Insolvency changes ahead: The Small Business, Enterprise and Employment Act 2015

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Insolvency changes ahead: The Small Business, Enterprise and Employment Act 2015

Published On: 29 June 2015

The Small Business, Enterprise and Employment Act 2015 (SBEEA 2015) received Royal assent on 26 March 2015. From 26 May 2015, when the first provisions come into force, a number of key legislative changes will be introduced that will impact Insolvency Practitioners (IPs) and their regulators.

Key Changes

  • The Secretary of State will have new powers to seek compensation orders against a disqualified director, with the proceeds of such compensation being distributed as determined by the court.
  • The range of matters that a court must consider in determining "unfit conduct" is broadened so as to include consideration of the nature of the misconduct and the impact that it has had.
  • The period for bringing disqualification proceedings is extended from two years to three.
  • Causes of action that were previously the preserve of office–holders in their personal capacity can be assigned, including wrongful trading actions, transaction at undervalue and preference claims.
  • An administrator can now bring actions for fraudulent and wrongful trading (previously the preserve of liquidators)
  • Liquidators and Trustees will no longer be required to seek sanction of the court, a creditors committee, the Secretary of State or a meeting of creditors.
  • An administrator can now extend his term in office for up to a year by consent from creditors (previously 6 months) employment creditors, administrators will no longer need the court's permission to make such a distribution.
  • Physical meetings of creditors will no longer be the default mechanism for decision making by creditors.
    A new deemed creditor consent procedure in certain cases.
  • The ability of creditors to opt out from receiving correspondence and reports (other than notices of dividend or proposed dividend, or where the court otherwise orders).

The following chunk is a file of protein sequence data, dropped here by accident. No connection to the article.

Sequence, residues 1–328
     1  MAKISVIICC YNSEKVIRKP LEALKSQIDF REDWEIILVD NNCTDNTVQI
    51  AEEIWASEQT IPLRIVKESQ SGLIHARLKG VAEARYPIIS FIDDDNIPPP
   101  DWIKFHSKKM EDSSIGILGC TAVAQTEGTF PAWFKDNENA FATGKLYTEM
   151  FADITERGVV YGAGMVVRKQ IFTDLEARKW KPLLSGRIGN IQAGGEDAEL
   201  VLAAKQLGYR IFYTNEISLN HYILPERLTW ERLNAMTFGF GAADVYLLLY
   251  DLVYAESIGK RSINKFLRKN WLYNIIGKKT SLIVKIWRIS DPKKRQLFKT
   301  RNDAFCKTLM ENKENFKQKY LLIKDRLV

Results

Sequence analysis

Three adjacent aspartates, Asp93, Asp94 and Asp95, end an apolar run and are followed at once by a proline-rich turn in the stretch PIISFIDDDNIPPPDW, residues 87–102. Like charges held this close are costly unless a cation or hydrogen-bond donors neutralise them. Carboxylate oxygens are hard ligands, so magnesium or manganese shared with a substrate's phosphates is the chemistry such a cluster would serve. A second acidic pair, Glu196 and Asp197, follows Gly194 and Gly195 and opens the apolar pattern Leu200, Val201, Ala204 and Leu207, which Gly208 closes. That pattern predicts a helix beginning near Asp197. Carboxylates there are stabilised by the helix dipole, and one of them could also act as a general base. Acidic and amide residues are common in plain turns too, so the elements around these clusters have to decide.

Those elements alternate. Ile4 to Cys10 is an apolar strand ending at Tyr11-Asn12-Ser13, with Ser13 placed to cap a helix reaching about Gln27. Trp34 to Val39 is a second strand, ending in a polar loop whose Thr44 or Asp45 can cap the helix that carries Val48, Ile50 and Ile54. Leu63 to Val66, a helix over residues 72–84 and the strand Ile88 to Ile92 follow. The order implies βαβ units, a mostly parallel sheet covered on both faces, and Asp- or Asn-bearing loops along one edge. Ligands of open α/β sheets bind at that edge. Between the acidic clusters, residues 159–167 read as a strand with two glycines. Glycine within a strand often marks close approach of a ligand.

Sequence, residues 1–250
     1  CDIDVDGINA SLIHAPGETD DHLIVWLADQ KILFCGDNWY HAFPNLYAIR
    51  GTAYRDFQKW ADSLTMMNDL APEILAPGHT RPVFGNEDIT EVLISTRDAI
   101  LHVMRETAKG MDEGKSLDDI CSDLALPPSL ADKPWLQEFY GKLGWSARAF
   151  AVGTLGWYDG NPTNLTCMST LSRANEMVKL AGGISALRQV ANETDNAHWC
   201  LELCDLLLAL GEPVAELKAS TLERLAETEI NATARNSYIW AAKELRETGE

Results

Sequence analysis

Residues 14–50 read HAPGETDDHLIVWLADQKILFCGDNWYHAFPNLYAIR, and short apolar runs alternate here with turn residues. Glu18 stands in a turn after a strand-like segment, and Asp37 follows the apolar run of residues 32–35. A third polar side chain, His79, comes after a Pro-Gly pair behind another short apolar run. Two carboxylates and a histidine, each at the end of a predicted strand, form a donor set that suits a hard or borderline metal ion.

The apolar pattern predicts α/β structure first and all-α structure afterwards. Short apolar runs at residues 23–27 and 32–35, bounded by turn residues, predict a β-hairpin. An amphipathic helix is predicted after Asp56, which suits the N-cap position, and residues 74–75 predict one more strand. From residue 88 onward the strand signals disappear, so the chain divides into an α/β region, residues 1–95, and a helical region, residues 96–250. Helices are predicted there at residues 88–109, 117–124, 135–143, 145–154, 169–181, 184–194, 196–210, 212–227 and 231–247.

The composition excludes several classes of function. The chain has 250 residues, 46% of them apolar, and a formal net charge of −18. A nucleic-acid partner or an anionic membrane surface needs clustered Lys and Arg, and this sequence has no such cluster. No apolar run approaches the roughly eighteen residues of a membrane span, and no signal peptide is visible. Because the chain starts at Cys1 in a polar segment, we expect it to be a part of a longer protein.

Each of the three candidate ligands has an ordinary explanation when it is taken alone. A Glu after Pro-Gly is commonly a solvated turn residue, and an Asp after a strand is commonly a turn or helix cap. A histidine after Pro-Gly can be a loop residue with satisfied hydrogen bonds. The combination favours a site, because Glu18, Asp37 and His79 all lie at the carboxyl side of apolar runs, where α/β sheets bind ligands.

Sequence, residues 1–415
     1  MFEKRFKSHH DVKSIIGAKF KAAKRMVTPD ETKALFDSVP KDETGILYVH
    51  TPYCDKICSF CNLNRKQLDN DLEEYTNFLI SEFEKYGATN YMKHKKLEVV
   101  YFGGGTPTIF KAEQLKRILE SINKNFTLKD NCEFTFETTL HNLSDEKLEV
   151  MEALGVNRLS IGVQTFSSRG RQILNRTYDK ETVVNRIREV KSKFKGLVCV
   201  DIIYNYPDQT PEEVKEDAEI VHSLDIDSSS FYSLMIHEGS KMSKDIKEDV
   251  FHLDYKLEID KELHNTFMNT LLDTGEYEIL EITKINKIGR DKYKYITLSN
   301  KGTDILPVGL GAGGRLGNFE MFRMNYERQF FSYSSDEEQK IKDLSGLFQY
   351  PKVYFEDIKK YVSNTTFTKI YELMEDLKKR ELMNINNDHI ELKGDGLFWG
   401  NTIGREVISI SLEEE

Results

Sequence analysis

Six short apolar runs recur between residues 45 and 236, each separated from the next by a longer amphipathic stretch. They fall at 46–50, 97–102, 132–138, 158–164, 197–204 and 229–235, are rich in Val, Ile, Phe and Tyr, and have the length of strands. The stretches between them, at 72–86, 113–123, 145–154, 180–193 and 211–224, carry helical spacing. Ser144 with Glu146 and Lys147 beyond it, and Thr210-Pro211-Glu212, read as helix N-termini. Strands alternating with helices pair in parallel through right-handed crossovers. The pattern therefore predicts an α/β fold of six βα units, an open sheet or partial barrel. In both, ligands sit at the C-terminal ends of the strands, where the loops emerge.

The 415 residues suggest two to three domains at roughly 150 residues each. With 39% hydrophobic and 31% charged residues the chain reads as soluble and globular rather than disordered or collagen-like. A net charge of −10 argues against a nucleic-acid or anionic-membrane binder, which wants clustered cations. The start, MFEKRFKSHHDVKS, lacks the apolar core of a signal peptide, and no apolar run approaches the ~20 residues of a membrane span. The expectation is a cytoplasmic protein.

• Small debts (expected to be less than £1,000) will be exempt from a requirement to prove where the office-holder holds sufficient evidence that it is due.
  • A reserve power has been taken so that pre-packaged administration sales to connected parties will be prohibited or subject to tighter controls. It is likely that the reserve power will be implemented following a review of the voluntary scheme arising from the Graham Review.
  • The introduction of regulatory objectives for the recognised professional bodies (RPBs) and a range of sanctions available to the Secretary of State if those RPBs are not adequately fulfilling their role.
  • The ability of the Secretary of State to apply to Court for direct sanction against Insolvency Practitioners where it is in the public interest to do so.

One of the objectives behind SBEEA 2015 was to implement savings to the cost of administering insolvency proceedings so that enhanced returns could be made to creditors. These changes are largely welcome, but an opportunity has perhaps been missed to go further. IPs often complain that they do not have the commercial freedom to deliver results for creditors and wider changes should perhaps have been considered. The changes made to the reporting and prosecution of director misconduct are welcome, but it remains to be seen whether there is any material change to the number of successful prosecutions and how the courts will make the impact assessments in relation to "unfit conduct". The intention behind the regulatory changes is to improve the performance of IPs as well as the RPBs, to increase confidence in the regulatory regime and insolvency framework and to ensure better and more consistent outcomes. These are lofty objectives and only time will tell whether the package of measures set out within the SBEEA 2015 will deliver real and measurable change.